set.seed(123)
x <- rep(1:10, each=10)
# Generate random error, dependent on the x value.
error <- rnorm(100,0,1) * x
y <- 1+0.5*x + error

# Notice the heteroscedasticity over the x values.
plot(x,y)

# Calculate sd per x value.
sd_i <- tapply(y, x, sd)

# Repeat each sd value 10 times, as each x value appears 10 times.
sd_i <- rep(sd_i, each=10)

# Calculate the weights variable for the linear model to be aplied later.
theweights <- 1/sd_i^2

# Now instead of running a linear model on y and x using the regression weights,
# we now (for illustrative purposes) transform the data as described and
# run a linear model on these transformed data, NOT using the weights.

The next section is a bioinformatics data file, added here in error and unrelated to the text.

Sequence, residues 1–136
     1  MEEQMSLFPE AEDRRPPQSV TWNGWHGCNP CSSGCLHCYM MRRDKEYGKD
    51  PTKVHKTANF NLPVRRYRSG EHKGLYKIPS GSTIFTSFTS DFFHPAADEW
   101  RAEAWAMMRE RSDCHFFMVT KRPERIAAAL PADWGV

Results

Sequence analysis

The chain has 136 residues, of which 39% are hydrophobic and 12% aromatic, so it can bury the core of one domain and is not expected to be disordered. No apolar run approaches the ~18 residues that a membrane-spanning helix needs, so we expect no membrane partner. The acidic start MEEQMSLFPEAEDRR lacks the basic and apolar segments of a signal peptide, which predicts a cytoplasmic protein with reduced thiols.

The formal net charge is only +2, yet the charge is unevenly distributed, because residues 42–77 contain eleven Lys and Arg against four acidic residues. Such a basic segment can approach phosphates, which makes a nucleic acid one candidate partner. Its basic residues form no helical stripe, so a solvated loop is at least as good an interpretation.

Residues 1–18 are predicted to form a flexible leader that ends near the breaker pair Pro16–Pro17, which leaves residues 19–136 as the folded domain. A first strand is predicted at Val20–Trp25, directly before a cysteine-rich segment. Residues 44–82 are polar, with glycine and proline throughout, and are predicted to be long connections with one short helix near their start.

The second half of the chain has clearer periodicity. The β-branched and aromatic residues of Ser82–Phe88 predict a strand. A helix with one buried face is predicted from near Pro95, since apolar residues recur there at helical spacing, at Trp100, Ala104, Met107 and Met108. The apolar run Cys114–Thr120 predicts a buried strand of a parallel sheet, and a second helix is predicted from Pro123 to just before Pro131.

y_w <- y / sd_i
x_w <- x / sd_i
newintercept <- 1 /sd_i

# Run a linear model on these transformed data.
model1 <- lm(y_w ~ 0 + newintercept + x_w)
summary(model1)

# Now, run a linear model using regression weights: results are equal to those
# of model1.
model2 <- lm(y ~ x, weights=theweights)
summary(model2)

# Use another arbitrary numerator in the weights.
theweights <- 9/sd_i^2
model3 <- lm(y ~ x, weights=theweights)
summary(model3)


The results of this script are:

> model1 <- lm(y_w ~ 0 + newintercept + x_w)
> summary(model1)

Call:
lm(formula = y_w ~ 0 + newintercept + x_w)

Residuals:
Min      1Q  Median      3Q     Max
-2.5047 -0.7491 -0.0990  0.7445  1.9961

Coefficients:
Estimate Std. Error t value Pr(>|t|)
newintercept   0.8120     0.3541   2.293    0.024 *
x_w            0.7078     0.1228   5.765 9.48e-08 ***
---
Signif. codes:  0 ‘***’ 0.001 ‘**’ 0.01 ‘*’ 0.05 ‘.’ 0.1 ‘ ’ 1

Residual standard error: 1.006 on 98 degrees of freedom